The clear purpose of Rule 11, as stated in the McCarthy case, was to assist the sentencing judge in making the constitutionally required determination that the plea is voluntary. Before accepting a plea of guilty or nolo contendere the burden is placed upon the judge to address the defendant in person and make certain from inquiry and explanation that the plea is made voluntarily and that the accused understands the nature of the charges and also the consequences of the plea.1 See Holt v. United States, 435 F.2d 1278 (10th Cir. 1970). A further purpose of this strict requirement is to produce a complete record at the time of the plea of necessary facts relative to the determination of the voluntariness of the plea.2 Applying the McCarthy standards, the mandatory provisions of Rule 11 were not satisfied.


The judgments and sentences are reversed and the case remanded with instructions to vacate the plea of guilty and permit the defendant to plead anew.



InMcCarthy, supra, 472, 89 S.Ct. 1174, 22 L.Ed.2d 418, the Court stated:

"It is, therefore, not too much to require that, before sentencing defendants to years of imprisonment, district judges take the few minutes necessary to inform them of their rights and to determine whether they understand the action they are taking."

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With reference to the purpose of Rule 11, the Supreme Court, inMcCarthy, supra, 466, 467, 89 S.Ct. 1171, 22 L.Ed. 2d 418, said:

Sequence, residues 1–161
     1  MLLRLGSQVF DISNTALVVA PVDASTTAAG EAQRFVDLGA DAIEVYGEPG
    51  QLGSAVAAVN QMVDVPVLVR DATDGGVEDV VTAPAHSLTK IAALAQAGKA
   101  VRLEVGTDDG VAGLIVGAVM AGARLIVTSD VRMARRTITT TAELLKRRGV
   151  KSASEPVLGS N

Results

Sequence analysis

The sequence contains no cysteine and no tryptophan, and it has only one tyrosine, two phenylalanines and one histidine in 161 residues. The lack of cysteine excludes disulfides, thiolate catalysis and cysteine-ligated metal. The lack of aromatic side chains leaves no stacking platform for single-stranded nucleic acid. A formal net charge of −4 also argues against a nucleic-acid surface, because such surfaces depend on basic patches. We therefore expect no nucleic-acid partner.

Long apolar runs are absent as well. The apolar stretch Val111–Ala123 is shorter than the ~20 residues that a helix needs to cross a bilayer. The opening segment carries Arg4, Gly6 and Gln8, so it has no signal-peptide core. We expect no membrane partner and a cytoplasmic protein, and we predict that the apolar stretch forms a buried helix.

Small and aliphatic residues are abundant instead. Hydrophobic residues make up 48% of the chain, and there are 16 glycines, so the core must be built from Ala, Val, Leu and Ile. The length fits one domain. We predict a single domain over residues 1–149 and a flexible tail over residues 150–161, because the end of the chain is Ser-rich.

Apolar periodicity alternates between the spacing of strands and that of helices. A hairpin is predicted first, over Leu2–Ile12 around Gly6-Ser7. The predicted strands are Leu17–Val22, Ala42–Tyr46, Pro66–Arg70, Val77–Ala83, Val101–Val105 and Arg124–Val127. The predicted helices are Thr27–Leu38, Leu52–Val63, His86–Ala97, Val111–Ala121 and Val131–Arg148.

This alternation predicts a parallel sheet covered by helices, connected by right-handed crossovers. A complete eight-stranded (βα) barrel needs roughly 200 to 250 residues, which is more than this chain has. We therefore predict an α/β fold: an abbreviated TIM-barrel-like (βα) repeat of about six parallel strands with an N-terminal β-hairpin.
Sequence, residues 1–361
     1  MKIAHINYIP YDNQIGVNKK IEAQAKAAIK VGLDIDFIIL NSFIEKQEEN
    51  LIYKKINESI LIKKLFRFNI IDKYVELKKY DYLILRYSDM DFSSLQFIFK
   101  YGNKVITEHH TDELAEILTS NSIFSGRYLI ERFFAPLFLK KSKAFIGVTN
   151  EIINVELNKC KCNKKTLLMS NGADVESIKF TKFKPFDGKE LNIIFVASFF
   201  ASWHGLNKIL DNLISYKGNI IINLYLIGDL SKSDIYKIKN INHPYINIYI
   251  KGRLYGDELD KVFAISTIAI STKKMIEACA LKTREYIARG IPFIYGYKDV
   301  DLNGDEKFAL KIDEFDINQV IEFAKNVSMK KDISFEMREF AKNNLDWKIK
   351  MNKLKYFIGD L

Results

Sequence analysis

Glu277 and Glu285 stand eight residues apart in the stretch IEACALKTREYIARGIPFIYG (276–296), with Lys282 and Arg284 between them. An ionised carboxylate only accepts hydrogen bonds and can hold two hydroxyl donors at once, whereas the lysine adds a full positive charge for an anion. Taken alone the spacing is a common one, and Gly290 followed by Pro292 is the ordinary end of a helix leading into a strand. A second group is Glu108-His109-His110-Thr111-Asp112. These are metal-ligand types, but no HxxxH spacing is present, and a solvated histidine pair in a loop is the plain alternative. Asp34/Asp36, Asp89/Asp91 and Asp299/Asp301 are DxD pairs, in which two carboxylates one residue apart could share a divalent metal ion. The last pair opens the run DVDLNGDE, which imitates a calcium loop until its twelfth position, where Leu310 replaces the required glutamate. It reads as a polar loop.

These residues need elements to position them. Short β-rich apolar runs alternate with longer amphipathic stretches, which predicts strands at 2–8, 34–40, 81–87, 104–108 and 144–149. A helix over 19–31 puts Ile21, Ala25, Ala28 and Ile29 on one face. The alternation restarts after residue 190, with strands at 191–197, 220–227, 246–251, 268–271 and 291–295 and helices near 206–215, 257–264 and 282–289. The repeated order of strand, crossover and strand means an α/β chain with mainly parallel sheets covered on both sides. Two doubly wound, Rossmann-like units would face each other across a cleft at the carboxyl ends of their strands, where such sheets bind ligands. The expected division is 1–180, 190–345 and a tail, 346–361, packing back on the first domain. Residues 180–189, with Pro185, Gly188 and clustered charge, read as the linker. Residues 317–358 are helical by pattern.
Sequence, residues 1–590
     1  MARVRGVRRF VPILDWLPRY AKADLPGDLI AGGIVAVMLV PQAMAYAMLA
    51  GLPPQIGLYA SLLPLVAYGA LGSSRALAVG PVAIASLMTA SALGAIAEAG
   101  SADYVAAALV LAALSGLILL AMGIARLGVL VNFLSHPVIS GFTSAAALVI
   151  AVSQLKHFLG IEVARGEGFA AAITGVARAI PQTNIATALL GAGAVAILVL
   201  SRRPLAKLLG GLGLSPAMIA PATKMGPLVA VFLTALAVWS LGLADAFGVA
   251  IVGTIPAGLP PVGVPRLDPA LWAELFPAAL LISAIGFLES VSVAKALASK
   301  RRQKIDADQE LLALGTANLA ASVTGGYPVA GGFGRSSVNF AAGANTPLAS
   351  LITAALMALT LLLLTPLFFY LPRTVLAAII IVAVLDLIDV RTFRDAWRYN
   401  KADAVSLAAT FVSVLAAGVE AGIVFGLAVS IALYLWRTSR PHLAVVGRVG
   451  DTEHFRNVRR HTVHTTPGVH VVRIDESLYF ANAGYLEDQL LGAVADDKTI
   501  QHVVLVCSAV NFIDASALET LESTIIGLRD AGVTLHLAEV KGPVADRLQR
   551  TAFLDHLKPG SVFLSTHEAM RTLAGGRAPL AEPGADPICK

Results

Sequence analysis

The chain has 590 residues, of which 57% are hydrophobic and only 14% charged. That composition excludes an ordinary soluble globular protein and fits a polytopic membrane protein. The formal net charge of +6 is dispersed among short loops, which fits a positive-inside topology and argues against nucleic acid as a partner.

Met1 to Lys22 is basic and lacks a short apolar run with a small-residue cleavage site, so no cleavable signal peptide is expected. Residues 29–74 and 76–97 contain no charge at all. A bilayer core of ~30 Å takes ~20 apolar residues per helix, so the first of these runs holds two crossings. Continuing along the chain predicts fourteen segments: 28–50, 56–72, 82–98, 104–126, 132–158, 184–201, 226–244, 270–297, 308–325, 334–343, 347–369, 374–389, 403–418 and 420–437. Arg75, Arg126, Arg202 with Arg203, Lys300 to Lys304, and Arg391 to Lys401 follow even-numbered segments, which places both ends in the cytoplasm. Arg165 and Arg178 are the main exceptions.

"These two purposes have their genesis in the nature of a guilty plea. A defendant who enters such a plea simultaneously waives several constitutional rights, including his privilege against compulsory self-incrimination, his right to trial by jury, and his right to confront his accusers. For this waiver to be valid under the Due Process Clause, it must be `an intentional relinquishment or abandonment of a known right or privilege.' Johnson v. Zerbst, 304 U.S. 458, 464 [58 S.Ct. 1019, 82 L.Ed. 1461] (1938). Consequently, if a defendant's guilty plea is not equally voluntary and knowing, it has been obtained in violation of due process and is therefore void. Moreover, because a guilty plea is an admission of all the elements of a formal criminal charge, it cannot be truly voluntary unless the defendant possesses an understanding of the law in relation to the facts.

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"To the extent that the district judge thus exposes the defendant's state of mind on the record through personal interrogation, he not only facilitates his own determination of a guilty plea's voluntariness, but he also facilitates that determination in any subsequent post-conviction proceeding based upon a claim that the plea was involuntary. Both of these goals are undermined in proportion to the degree the district judge resorts to `assumptions' not based upon recorded responses to his inquiries. * * *"